The glass is half full in my world…despite the mainstream media, net neutrality, Ebola and negative interest rates, I pop out of bed every morning to invest. The internet is industrial, energy is ‘tilting to the power grid‘, the ‘personal cloud‘ is coming, the enterprise is getting ready to spend and hire, ‘fashology‘ is now more fashion than technology, crowdfunding is not a fad, driverless cars and the ‘pivot to passive‘ are a reality and the super rich want to live forever and sleep on demand (biotech is booming because nature is a…
  • The Inconceivable Rally is Dead…Ebola and Netflix Killed It!

    Howard Lindzon
    15 Oct 2014 | 7:32 pm
    I love Netflix, I just don’t own it. Tonight, I feel a little less stupid. The stock has had more panic attacks than Tony Soprano. Tomorrow it is set to open down $120 points. Let’s put it all in a perspective: The stock has broken all laws of physics for technicians. Moving on… Since September….short indexes, long Ebola stocks has been a career maker. Maybe three people on the planet got this trade dead right and they won’t be on Twitter or CNBC. I watched the trade develop on Stocktwits ticker streams but did not participate. So many people in my stream have…
  • Ebola Won…But I am Buying

    Howard Lindzon
    15 Oct 2014 | 11:29 am
    The US markets are now all down on the year…which I sum up below in a cashtag: Goldman Sachs stock now negative on the year which means as usual…record bonuses… GS — Howard Lindzon (@howardlindzon) Oct. 15 at 09:07 AM Go watch Jon Stewart from last night if you want a hint of any truth on #EBOLA. I still don’t care how and why the markets are plunging, but they are. The signals were there starting in February when we discussed the small caps breaking down. When fear grips Wall Street, the ‘sell’ button becomes easy to hit. Your cool ‘robo’…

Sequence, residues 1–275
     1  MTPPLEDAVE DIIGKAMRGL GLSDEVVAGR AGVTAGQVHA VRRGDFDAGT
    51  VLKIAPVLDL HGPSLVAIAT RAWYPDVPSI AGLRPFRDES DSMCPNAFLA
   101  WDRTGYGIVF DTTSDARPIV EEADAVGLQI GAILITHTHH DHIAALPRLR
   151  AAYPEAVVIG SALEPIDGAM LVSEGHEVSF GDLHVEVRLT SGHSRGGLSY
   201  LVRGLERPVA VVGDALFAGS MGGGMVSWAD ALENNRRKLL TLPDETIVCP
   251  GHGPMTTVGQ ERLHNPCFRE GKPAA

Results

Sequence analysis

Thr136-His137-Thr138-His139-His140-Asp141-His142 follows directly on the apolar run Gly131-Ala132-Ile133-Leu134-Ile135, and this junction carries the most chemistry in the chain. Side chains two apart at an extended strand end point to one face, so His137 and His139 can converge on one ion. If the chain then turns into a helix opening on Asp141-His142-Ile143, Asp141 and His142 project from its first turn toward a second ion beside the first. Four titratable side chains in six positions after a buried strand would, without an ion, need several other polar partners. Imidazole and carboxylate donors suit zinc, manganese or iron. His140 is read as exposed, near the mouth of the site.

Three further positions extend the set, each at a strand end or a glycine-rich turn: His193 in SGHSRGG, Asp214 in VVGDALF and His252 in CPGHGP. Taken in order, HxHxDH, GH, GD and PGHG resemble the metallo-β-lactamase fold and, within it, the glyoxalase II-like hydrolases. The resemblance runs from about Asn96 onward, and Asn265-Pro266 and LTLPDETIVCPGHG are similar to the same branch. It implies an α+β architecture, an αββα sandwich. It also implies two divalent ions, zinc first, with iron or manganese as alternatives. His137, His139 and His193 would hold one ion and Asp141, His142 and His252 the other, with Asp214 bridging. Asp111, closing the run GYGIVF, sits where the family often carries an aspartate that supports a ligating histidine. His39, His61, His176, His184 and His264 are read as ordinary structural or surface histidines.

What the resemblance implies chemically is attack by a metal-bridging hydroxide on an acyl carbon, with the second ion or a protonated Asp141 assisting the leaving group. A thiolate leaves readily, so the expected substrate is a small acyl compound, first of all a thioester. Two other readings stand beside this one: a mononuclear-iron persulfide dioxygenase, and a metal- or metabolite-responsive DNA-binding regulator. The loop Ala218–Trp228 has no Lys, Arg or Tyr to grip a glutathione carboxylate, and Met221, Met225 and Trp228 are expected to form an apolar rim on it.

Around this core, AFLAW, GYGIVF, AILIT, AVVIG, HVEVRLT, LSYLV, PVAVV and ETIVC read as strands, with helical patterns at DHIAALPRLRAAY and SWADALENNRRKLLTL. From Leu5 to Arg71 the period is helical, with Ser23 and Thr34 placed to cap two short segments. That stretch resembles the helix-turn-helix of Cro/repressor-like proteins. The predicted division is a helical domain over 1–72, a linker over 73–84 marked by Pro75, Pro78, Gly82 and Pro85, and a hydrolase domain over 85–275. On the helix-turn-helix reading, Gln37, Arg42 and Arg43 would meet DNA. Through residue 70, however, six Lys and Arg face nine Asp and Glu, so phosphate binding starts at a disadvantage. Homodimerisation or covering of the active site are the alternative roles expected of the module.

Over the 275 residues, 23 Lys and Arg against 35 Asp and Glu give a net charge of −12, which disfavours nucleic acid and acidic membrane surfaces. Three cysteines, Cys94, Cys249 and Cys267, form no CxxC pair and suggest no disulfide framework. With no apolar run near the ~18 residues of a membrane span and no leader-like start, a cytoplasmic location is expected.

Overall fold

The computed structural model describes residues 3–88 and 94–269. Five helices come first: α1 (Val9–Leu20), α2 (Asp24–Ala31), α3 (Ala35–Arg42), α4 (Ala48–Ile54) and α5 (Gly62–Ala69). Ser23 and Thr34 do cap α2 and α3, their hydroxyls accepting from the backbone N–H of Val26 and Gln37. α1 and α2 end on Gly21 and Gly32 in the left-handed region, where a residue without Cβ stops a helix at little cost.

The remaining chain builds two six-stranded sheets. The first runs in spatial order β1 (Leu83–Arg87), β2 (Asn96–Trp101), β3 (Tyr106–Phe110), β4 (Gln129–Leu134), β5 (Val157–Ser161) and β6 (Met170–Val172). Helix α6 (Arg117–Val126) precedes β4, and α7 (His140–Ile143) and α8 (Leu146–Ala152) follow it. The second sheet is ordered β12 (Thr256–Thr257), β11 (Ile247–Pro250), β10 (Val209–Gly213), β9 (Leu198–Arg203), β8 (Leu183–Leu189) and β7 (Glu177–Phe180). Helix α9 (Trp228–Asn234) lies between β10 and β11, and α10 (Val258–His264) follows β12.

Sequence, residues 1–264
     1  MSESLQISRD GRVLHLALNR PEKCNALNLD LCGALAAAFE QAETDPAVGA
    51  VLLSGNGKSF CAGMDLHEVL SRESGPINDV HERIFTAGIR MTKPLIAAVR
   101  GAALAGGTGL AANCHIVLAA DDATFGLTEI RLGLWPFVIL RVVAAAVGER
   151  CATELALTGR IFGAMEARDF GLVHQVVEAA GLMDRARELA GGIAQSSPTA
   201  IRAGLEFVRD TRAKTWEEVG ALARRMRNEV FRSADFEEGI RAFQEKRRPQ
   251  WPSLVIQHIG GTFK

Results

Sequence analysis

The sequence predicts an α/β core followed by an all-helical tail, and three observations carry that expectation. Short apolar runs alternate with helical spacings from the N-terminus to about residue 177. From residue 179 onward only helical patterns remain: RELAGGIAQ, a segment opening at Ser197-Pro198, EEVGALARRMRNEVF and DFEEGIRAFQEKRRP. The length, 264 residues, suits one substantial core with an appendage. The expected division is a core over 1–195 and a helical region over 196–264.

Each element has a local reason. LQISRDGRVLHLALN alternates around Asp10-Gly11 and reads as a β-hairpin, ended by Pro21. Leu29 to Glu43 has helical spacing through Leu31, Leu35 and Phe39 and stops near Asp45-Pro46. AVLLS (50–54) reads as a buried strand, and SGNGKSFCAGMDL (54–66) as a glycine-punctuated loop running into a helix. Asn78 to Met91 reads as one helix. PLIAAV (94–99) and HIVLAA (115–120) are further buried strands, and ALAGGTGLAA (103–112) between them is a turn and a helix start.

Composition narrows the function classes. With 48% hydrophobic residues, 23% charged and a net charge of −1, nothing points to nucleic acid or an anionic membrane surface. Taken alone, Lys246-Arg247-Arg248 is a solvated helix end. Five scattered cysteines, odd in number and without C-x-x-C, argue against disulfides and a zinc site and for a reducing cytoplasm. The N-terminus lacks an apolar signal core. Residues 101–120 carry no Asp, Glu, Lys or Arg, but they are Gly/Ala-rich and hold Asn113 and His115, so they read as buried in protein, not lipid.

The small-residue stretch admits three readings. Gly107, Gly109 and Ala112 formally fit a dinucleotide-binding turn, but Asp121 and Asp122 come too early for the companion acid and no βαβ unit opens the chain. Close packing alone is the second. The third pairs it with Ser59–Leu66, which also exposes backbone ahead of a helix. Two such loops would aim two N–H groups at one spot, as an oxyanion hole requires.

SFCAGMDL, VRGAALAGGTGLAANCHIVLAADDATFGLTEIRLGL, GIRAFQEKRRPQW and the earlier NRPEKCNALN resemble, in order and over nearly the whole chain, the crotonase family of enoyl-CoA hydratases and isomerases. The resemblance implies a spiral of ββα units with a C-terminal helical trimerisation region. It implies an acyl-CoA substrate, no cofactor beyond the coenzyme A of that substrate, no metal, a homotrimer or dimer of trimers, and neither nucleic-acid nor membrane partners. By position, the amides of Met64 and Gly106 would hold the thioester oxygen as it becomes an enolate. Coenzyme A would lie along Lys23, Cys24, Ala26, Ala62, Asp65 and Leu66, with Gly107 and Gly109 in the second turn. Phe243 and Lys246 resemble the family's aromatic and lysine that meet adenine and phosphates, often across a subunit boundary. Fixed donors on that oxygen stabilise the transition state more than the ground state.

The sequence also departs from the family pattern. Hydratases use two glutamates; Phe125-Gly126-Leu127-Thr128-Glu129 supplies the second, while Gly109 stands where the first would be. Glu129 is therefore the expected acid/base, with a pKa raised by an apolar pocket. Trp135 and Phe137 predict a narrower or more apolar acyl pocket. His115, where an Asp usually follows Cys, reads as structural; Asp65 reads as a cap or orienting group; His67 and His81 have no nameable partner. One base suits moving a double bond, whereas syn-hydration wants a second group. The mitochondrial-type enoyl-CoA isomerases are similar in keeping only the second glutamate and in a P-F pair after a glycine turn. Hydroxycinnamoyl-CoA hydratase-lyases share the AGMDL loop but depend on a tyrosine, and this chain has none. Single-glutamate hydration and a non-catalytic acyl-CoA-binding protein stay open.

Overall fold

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    Economic Principals

  • Imperfect Competition, Legitimate at Last

    dw
    19 Oct 2014 | 1:00 pm
    The Nobel award  last week to Jean Tirole, of Toulouse School of Economics, capped a twentieth-century drama whose story has barely begun to be told. I can describe it here only in the broadest way; thanks to the Swedes, the details will now gradually emerge, as did those of similar developments in the past. But some idea about the episodes’ broader place in the scheme of things, as it pertains to you, can be had by viewing it in historical perspective. The story begins in the 1920s, in the years before John Maynard Keynes took center stage.  Edward Chamberlin (1899-1967) was a bright…
  • The Badger

    dw
    12 Oct 2014 | 1:37 pm
    American International Group minority shareholder Maurice (Hank) Greenberg, 89, sued the US government in 2011, charging the bargain it drove when it rescued the enormous insurance company he had built from humble beginnings was not only extortionate (the Federal Reserve Board took 80 percent of A.I.G.’s stock) but illicit, to boot. US Court of Claims Judge Thomas Wheeler, a referee in matters where the government is involved, agreed to hear the case. Last summer the jurist set out  his ambitions this way: I think by the time we get finished with this case and we have our trial, we’re…